10 Ways to Avoid Pay Freezes and Negotiate More Money During the Recession

Published May 05, 2009

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Many of the nation's employers have turned to pay freezes to save money and avoid layoffs. This has left more than a few employees feeling short-handed. If you're one of them, you don't have to take the situation lying down. Although it can be difficult to avoid a pay freeze and negotiate a pay increase during a recession, it is possible.

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Find Out How Much You're Worth

The first thing you should do is find out your market worth. There are a number of sites online that will help you do this. Salary.com is a good one to try. This site's Salary Wizard can create free and fee-based salary reports that determine a salary range based on your job title, job location and the job duties you perform. You can cross check this information by contacting the competition, searching job ads and obtaining stats from the Bureau of Labor Statistics.

Make Yourself Worth More

Making yourself more valuable to your employer is one of the best ways to receive performance based compensation. You can do this through initiative, education, training or certification. Other ideas include tackling new projects and helping out in other departments. Cross-trained employees are always more valuable to employers regardless of industry.

Document Your Success

Saying you deserve a raise in the middle of a pay freeze or recession isn't enough. You need to have documentation that backs up your claim. This documentation should include facts and figures that detail your level of performance over a six-month period (a one-year period would be even better.)

Find a Way to Save Your Company Money

Finding a way to save the company money is a sure-fire way to free up funds for pay raises and other employee benefits. Start by looking within your department--review everything from the amount of money spent on paperclips to the annual cost of labor. Then, think company-wide. There are always ways to cut corners and save. The more money you free up, the more you can ask for in return.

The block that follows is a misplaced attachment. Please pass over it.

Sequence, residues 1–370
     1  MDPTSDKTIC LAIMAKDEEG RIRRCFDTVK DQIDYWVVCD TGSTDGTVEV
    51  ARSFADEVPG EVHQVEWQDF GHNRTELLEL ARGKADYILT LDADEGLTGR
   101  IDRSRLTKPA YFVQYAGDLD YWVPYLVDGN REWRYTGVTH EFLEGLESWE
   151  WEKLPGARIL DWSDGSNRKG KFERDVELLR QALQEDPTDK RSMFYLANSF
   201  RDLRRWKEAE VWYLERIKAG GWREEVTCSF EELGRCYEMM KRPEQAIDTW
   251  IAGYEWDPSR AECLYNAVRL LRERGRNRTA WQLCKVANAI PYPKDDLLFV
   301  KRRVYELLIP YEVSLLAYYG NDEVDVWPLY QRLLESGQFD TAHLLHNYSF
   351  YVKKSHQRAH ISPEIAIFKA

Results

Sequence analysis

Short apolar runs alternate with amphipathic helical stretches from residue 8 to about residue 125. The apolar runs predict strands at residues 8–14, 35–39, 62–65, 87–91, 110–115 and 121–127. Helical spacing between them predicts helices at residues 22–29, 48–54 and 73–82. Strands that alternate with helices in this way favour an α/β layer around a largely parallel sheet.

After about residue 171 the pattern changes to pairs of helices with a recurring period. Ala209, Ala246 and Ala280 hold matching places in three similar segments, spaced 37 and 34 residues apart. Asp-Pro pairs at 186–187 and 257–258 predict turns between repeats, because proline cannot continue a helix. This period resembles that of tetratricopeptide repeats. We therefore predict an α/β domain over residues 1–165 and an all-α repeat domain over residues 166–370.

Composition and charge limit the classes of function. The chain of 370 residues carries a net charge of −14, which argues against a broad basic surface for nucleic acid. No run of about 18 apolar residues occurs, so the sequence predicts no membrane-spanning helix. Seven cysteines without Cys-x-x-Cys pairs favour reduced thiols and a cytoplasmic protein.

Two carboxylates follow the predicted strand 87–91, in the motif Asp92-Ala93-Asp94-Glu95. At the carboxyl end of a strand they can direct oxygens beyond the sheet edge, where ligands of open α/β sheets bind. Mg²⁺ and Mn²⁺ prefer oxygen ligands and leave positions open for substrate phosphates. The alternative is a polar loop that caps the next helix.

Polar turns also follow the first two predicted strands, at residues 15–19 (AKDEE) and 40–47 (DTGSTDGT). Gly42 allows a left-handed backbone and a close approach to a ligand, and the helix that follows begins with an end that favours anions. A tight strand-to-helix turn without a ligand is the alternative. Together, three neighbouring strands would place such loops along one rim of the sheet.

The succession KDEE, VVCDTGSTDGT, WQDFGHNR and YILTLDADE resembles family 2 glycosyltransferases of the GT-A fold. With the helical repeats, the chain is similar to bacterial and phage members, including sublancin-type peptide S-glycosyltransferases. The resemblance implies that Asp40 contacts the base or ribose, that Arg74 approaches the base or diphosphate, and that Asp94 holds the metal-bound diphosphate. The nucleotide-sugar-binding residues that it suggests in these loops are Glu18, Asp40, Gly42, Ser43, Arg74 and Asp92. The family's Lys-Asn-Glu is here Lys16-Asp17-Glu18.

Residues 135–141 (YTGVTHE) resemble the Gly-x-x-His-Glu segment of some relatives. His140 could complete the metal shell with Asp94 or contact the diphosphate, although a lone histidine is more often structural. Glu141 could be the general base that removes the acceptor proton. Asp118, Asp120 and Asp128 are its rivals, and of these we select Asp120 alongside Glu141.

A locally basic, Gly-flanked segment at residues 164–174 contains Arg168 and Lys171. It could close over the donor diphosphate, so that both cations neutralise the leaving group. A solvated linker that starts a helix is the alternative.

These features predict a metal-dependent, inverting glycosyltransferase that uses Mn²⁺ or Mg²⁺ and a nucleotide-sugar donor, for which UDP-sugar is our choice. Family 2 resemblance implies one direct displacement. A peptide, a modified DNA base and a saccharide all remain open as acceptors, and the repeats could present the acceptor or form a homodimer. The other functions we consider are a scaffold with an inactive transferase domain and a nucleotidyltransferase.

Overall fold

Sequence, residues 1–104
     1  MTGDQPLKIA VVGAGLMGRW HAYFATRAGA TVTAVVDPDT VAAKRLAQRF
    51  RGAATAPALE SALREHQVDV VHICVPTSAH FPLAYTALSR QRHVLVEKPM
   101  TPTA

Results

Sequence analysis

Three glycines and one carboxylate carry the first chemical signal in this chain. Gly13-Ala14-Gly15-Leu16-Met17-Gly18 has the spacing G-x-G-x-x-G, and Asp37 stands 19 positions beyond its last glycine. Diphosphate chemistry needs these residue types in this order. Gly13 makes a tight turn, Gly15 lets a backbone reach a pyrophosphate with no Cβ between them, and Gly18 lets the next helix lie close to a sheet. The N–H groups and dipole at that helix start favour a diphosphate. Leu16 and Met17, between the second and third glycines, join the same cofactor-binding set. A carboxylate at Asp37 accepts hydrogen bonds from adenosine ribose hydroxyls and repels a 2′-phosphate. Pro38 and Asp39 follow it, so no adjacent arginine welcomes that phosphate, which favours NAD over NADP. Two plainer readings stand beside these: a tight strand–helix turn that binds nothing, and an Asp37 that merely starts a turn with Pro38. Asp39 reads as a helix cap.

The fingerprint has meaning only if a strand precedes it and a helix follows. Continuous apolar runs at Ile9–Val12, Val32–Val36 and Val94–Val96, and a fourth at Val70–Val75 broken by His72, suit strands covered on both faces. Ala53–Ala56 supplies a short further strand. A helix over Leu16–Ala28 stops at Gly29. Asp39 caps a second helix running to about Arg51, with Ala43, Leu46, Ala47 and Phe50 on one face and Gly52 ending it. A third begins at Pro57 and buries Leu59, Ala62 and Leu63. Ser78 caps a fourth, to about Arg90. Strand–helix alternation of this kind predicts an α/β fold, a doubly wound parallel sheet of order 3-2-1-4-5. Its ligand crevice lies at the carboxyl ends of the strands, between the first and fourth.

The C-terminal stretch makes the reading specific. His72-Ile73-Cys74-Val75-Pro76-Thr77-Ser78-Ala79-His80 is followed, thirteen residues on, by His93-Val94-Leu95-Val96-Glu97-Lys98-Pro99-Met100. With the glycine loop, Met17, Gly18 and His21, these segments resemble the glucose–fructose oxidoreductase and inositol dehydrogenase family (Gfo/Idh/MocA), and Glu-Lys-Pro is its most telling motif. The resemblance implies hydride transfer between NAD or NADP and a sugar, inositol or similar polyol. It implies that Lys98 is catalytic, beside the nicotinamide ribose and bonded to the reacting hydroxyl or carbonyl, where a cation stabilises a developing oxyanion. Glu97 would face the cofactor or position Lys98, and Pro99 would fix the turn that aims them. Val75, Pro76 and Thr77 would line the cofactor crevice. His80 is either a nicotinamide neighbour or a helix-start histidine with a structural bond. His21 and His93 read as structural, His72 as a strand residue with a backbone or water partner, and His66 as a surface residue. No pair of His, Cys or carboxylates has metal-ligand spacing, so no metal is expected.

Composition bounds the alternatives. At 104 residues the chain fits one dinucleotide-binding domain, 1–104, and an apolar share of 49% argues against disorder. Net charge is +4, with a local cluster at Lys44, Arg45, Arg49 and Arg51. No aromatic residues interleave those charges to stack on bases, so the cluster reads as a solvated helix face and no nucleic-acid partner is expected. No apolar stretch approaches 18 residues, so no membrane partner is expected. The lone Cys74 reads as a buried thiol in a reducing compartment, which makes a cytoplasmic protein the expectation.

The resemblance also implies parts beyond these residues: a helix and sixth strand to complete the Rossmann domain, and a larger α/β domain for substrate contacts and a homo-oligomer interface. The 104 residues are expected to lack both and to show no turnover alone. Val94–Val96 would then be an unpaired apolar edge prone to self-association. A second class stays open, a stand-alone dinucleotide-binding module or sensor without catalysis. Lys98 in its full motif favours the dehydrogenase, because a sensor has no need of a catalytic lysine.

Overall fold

Take On More Responsibility

Getting a promotion isn't a guaranteed way to earn a higher salary, but it certainly doesn't hurt. If you can't get an official promotion within your company, give yourself one by accepting your current duties willingly and taking on extra responsibilities. Also, be ready to help out in other areas whenever necessary

Come Up with a Incentive Proposal

For some employees--those in management, human resources, sales, marketing, advertising, etc--it is easier to get incentive pay than it is to get a straight out pay increase. Employers often budget for incentives and may be more open to incentive-pay than other types of increases. If you decide to try an incentive proposal, come up with something smart that is a win-win for you and your employer.

Don't Ask for Money

Getting extra cash in your paycheck is always nice, but there are other ways to get more money from your employer. You can ask for more paid vacation, additional sick days, personal days, better insurance, tuition reimbursement, travel benefits or a car allowance. Often times, these negotiable perks are easier to get than a pay raise--particularly during a recession or pay freeze.

Be Confident

It's a known fact that employers can smell confidence. If they don't smell it on you when you're asking for a raise, you'll be out the door before you finish your request. It is absolutely essential that you maintain a confident demeanor when asking for more money. Remember--you aren't asking for anything you don't deserve. There is no reason to be shy or mealy-mouthed.

Leave Your Home Life Out of It

Although you may need a raise for personal reasons, it is better to leave your home life out of the negotiations. Employers may feel bad that your spouse is laid off or that your mortgage rate is now higher, but they aren't likely to give you more money because of it. You will be much better off making a performance-based request for more money.

Find Your Own Breaks

In some circumstances, it may be impossible to get an employer to lift a pay freeze or pay out more during troubled economic times. If you find yourself in this situation, don't give up on the idea of more money. Instead, find your own breaks to put extra cash in your pocket. There are a number of tax deductions you can take advantage of. Many hourly and salaries workers deduct commuting expenses, job search expenses, the cost of work clothes and other items. Talk to an accountant to see if you can take advantage of any of these tax breaks. You can also try using the knowledge and training you do have to make money on your own. Self-employed workers--even those who are only self-employed part-time--can deduct all sorts of business expenses.

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